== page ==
I’m addicted to a bad relationship. I wanted to avoid writing about it so badly that I decided to write about beets. I researched some recipes, discovered that it’s a Jewish tradition to eat beets at Rosh Hashanah (the Jewish New Year), and warned my roommates that I would be baking the chocolate beet cake for a second time. I wasn’t jazzed about the post. I had a feeling it wouldn’t top my kale post. It sounded really insincere so I decided to eff it.

Hi, my name is eff the funk and I have been addicted to a bad relationship for three years. I was sure I loved him the first year… then I’m not sure what I told myself the remainder of our on-again, off-again time together. He never promised me the moon, but I wanted to hold on anyways. We have strong chemistry and I was addicted to his attention when he chased me and my suffering when he didn’t. It’s romantic in a twisted way.  Read the rest of this entry »


At a younger age when my hormones were out of whack, classmates were mean to each other for negligible reasons, and I lacked the ability to defend myself, I would come home from school and cry. A lot. The emotional turmoil and the act of crying would exhaust me so I would fall asleep on my bed, always shaken awake by my mother when dinner was ready. The drama du jour seemed less traumatic after a nap.

I don’t face drama on-the-reg anymore (middle school was the effing worst). I try to steer clear of it, but occasionally I have the burning desire to tell people about themselves. Most people don’t want to hear it. They already know 90% of what I want to say, but they choose to ignore it.

Sometimes I reach my limit. If you are over the age of eighteen and you whine a lot, I will tell you about yourself. If you act in a way that creates large hurdles for others, I will tell you about yourself. You get the idea. Those are behaviors that other people would also discourage so I don’t feel too crazy-cat-lady-yelling-at-birds-in-the-park when I broach the subject that someone needs to check themselves before they wreck themselves (and others).  Read the rest of this entry »

Raise your hand if you just spent a lot of money on holiday gifts/plane tickets/etc. Ugh, financial funk. Eff it all! Sorry Santa. They say there’s no such thing as a free lunch. I’m here to tell you otherwise. Here is a compilation of freebies. Feel “free” to share more in the comments section!

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Picture yourself swimming in a peaceful lake. A piece of trash floats nearby. Out of fear, you focus on the trash intensely and inadvertently swim right toward it instead of avoiding it. You become partially tangled in the trash and the added weight around your midsection affects the ease with which you make your strokes. As you swim forward you see more trash and swim toward it again. This trash entangles itself on your left ankle and now your swimming is unbalanced. You start to veer to the left, which is not the way you wanted to go.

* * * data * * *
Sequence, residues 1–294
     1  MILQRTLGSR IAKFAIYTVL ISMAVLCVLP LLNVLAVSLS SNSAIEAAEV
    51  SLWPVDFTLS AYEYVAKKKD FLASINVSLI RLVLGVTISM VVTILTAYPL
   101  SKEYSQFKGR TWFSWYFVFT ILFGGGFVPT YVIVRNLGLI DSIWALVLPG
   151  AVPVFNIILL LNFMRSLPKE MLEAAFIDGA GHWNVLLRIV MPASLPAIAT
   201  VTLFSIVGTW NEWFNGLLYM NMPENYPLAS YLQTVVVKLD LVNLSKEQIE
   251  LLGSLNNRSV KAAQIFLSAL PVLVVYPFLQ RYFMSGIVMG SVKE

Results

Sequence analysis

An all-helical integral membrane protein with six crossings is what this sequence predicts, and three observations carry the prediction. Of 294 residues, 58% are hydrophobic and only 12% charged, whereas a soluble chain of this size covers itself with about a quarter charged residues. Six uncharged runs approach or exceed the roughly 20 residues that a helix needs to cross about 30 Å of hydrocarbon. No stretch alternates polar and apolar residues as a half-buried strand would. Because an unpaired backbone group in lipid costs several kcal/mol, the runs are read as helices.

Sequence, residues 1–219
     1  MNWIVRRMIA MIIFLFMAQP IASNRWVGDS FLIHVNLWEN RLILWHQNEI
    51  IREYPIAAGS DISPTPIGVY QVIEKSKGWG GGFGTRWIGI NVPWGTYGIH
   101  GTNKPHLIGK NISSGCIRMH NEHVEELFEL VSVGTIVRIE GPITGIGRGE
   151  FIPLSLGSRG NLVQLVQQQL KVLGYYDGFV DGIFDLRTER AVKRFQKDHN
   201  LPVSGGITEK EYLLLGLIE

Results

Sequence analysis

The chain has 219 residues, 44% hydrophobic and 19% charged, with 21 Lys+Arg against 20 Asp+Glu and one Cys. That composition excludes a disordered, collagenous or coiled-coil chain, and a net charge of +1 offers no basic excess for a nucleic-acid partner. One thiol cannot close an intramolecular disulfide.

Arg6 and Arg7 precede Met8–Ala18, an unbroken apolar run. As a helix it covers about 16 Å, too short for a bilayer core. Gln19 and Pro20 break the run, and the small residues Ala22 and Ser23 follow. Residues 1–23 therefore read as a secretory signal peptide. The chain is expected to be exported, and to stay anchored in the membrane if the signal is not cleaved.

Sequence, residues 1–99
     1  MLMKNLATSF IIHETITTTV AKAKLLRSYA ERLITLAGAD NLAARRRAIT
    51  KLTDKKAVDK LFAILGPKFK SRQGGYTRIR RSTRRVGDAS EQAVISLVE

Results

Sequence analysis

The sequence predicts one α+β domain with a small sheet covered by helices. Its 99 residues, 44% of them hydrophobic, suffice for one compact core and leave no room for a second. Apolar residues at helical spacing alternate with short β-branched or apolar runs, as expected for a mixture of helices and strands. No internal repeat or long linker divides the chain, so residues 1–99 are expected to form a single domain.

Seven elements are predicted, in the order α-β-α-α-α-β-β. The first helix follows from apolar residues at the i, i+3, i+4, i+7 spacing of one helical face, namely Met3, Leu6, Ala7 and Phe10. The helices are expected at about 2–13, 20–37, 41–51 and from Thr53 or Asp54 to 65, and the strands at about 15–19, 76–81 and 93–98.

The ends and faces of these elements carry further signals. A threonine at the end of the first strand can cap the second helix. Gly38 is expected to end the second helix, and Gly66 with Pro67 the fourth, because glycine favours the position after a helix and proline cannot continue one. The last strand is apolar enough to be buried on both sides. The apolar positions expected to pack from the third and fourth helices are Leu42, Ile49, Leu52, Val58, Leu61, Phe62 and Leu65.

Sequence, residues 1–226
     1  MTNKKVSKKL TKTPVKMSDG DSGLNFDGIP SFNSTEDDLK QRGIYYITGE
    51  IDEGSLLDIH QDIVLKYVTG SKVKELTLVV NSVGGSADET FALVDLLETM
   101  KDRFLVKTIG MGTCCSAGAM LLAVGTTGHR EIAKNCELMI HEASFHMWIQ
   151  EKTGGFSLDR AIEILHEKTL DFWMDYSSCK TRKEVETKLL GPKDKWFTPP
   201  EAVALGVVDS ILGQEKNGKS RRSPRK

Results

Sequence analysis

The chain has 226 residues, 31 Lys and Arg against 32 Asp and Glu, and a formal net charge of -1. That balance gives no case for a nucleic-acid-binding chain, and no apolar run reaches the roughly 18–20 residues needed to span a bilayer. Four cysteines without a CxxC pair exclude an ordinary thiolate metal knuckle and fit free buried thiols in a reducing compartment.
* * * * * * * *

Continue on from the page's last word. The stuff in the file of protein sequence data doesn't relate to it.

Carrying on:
The lake is more polluted than you remembered. Or is it? Are you so afraid of the trash that it’s the only thing you can think of whereas previously, you knew the trash was there but you avoided it by ignoring it?

We worry about the trash and it distracts us, entangles us, and we fear more trash. The trash is what other people say about you. What other people say about you is none of your business. Eff the funk and ignore their trash. It’s a reflection of their negativity and you don’t need to strap it to your left ankle as you swim on by. Just keep swimming.

In the good old US of A, the word “pilgrim” conjures the image of a white man with belt buckles on his shoes sharing a turkey meal with used/abused Native Americans… Heavy junk.

Here is a picture of my friend Jeremy. Surprise, he is a pilgrim! Jeremy is originally from Sydney, Australia and he is a travel pro. He recently completed the pilgrimage in Spain with multiple names:  St. James’ Way, El Camino Santiago, and La Voje Ladee. The name La Voje Ladee was given pre-Christian history when it was just a trade route because the road appeared to follow the Milky Way in the sky.